Remarks by Amina Mohammed, Deputy Secretary-General, on the High-Level Political Forum on Sustainable Development First session on the 2021 presentations of the Voluntary National Reviews.
It is my pleasure to join you as the presentations of the 2021 Voluntary National Reviews begin.
The VNRs have become a centerpiece of the HLPF.
With 177 countries having presented at least one VNR to date, they are a testament to the enduring commitment of national governments to implement the 2030 Agenda and achieve our global goals.
This year, 42 countries will be presenting their VNRs. I commend each of you for doing so.
These reviews speak to the social and economic devastation wrought by the pandemic.
They take a hard look at efforts to implement the SDGs, alongside, or as part of, efforts to overcome the pandemic and address its impacts.
They show the diversity or measures taken to ensure social protection, health care, vaccination, economic recovery, food security, education, mental health, inclusion or employment.
And they highlight the need for debt relief, disaster resilience, digitalization, and systems approaches to overcome multiple challenges.
The experiences presented by the 42 countries will allow the HLPF to discuss the kind of recovery plans or strategies that can get countries on track to achieve the SDGs.
This may include integrating the goals into national policy frameworks, budgets, stimulus packages, investments or evolving from emergency social protection measures towards inclusive social protection systems.
But the VNRs are not simply a report or a presentation at the HLPF.
They are a national process of in-depth review and consultation on the implementation of the 2030 Agenda.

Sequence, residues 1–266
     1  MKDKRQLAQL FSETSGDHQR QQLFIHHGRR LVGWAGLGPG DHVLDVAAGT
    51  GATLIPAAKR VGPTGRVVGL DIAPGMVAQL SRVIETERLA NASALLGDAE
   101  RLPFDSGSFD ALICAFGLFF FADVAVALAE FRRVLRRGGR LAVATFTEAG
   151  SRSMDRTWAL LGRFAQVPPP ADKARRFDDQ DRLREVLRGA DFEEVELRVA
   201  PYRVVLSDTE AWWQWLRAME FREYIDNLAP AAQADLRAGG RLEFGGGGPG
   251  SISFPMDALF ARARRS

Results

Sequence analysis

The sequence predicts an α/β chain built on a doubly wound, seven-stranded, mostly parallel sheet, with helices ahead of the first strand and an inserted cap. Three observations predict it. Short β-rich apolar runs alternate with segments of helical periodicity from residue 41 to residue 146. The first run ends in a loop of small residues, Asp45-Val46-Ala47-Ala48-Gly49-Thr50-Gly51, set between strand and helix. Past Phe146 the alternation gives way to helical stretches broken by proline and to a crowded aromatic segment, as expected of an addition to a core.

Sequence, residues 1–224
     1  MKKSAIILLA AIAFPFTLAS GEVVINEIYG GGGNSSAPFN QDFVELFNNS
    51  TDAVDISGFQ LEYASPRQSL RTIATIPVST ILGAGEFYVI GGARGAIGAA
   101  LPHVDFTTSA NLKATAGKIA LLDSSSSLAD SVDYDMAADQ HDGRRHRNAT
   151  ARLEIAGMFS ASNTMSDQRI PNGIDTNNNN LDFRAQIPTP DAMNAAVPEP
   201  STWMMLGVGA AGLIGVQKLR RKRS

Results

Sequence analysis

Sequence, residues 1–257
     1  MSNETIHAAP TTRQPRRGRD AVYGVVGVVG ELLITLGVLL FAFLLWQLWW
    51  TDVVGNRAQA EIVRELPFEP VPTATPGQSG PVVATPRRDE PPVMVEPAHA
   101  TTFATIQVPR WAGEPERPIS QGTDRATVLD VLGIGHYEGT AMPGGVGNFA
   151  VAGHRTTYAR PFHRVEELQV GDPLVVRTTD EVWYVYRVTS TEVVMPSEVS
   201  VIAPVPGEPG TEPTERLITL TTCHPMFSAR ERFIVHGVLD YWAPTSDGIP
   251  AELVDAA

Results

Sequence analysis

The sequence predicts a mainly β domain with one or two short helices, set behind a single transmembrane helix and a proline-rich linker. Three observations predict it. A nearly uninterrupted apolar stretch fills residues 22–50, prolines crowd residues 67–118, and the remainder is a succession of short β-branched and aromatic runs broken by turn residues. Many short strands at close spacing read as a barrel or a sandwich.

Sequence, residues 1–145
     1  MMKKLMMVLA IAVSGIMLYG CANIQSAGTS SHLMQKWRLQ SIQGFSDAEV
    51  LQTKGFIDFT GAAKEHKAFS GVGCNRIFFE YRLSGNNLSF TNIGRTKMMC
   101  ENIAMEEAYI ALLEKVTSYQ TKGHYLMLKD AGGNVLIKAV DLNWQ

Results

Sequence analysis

We have seen countries use the preparations of their VNR to strengthen their institutions or policies to accelerate the implementation of the SDGs.
Some have consulted stakeholders and groups that were not previously engaged on national policies.
Others have made new commitments or launched innovative initiatives to track their progress on the SDGs or to increase transparency on their use of public resources.
The VNRs also often strengthen cooperation between ministries and statistical offices.
Many countries have also become more ambitious and rigorous about their VNRs.
This year, some VNRs reflect independent analysis by specific institutions or stakeholders.
A few VNRs build on voluntary local reviews.
I commend the more than 100 UN country teams have already supported host countries in preparing VNRs, working in tandem with the VNRs convened by DESA each year.
I would also like to commend the work of regional economic and social commissions for their support to VNRs.
Ultimately, VNRs create space for governments and their partners to identify what is needed to keep the promise of the SDGs.
The General Assembly, in its recent resolution on the HLPF, encourages countries to identify next steps and forward-looking accelerated actions in their VNRs.
It is encouraging to see that this is already the case in a number of this year's VNRs.
The SDG Moment that the Secretary-General will convene in September will provide a further opportunity in this direction.
In the coming weeks, we will work closely with delegations in New York to identify Heads of State and Government from VNR presenting countries that are eager to further elaborate on their plans, needs and priorities for the remainder of the Decade of Action.
UN Country Teams, under the leadership of Resident Coordinators, stand ready to support countries in this regard. As the General Assembly reviews the capacities and funding for the RC system in the coming weeks, we have an opportunity to ensure that we increase the share of assessed funding for the RC system and step up our support to sustainable development in this Decade of Action. This is an opportunity we simply cannot miss.
I look forward to your discussions this year, as you continue to enrich this Forum with your contributions, experiences, ideas and dialogues.